Mainland Chinese investors have all but retreated from international property markets, but their counterparts in the south have the opposite ambitions.

According to PERE’s conversations with several investment brokers this week, capital from Hong Kong is aggressively seeking real estate investments around the world. The interest is being led by institutions as well as private investors and tycoons who own some of the city’s most influential real estate and investment holding companies.

Hong Kong investors are no stranger to overseas real estate. According to deal data specialist Real Capital Analytics, they invested $2.3 billion last year in the UK alone. But a cocktail of factors could soon push them to the top league of the world’s most acquisitive and aggressive cross-border investors.

Expectedly, political tensions are a big trigger. China’s passing of the national security law in July and the uncertain future of Hong Kong as a politically stable financial hub is prompting private capital to diversify to places like Singapore, Australia and the UK. It does not help that activity in Hong Kong’s own property market has also been on a downward spiral, with H1 2020 investment volumes falling 80 percent to $2.3 billion, according to RCA data. Then there are other investors – cash-rich property developers, for example – who see the current covid-19-related market uncertainty as an opportune time to buy discounted assets and land in overseas markets.

Hong Kong-based Link REIT is among them, executing its ‘Vision 2025’ strategy of expanding its global investment footprint. In the thick of the covid-19 outbreak, the REIT announced the acquisition of 25 Cabot Square in London’s Canary Wharf for circa $475 million, believed to be its first purchase in Europe. This came close on the heels of its first property deal outside of Greater China in December – the purchase of 100 Market Street in Sydney from Blackstone reportedly for A$683 million ($498 million; €421 million).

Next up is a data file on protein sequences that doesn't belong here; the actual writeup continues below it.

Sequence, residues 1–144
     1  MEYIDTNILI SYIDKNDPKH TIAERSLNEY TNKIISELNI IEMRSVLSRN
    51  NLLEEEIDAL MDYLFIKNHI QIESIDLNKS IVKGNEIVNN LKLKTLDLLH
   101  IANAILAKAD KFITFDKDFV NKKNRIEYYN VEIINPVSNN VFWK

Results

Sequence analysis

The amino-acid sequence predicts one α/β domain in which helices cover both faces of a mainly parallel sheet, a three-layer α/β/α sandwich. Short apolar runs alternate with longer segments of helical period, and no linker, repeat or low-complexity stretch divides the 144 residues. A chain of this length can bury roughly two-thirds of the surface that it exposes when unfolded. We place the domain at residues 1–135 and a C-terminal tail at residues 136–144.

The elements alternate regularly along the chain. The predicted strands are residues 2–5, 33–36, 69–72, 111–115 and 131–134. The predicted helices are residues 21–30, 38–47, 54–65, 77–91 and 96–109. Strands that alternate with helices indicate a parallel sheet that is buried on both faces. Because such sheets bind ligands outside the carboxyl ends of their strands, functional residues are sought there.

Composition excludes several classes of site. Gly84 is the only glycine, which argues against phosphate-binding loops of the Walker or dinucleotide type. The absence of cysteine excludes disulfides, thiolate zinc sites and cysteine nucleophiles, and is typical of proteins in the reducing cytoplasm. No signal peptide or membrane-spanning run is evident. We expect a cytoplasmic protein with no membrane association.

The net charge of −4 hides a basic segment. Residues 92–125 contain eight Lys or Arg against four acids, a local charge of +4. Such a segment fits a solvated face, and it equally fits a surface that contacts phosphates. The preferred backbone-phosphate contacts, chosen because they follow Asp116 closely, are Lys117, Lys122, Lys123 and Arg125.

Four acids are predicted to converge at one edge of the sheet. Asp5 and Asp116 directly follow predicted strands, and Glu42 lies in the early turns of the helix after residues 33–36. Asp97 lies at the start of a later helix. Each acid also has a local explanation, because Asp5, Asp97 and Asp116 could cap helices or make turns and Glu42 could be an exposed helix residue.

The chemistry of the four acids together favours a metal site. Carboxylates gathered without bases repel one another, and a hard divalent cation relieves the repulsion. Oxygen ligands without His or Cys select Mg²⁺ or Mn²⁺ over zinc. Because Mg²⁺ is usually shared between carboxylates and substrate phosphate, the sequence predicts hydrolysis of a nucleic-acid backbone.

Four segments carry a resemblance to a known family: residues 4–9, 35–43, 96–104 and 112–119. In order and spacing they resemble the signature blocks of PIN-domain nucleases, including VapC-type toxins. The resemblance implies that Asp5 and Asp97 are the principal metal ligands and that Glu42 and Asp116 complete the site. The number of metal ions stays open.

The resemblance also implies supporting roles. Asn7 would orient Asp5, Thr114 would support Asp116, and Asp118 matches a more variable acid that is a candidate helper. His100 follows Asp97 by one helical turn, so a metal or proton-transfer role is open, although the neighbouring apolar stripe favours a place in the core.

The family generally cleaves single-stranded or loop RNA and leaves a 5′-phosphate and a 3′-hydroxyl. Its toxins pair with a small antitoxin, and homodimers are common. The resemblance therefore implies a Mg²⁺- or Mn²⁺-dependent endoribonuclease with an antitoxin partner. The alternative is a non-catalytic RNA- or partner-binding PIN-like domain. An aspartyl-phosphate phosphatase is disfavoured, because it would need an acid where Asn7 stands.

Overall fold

Single asset purchases are not the only type of transactions being chased by Hong Kong capital either. As one investment broker explained, some of the city’s large families and corporates are eyeing operating businesses, joint ventures in which they have substantial control, and even the management of hotels. He has been communicating with one of Hong Kong’s largest real estate developers, which wishes to invest $7 billion-$10 billion in Australia alone through acquiring development companies and large townships.

Hong Kong investors have a huge war chest. The 15 richest people in Hong Kong in the Bloomberg Billionaires Index and Forbes Billionaires List are understood to be collectively worth more than $200 billion, according to a recent report in Business Insider. This scale of capital, combined with their real estate expertise, makes them an attractive, now prospective, capital source for Western sellers. Indeed those lamenting a shallow bidding pool for their assets currently – made shallower by the apparent disappearance of mainland Chinese money – can find this development encouraging. Time for new introductions to be made then.

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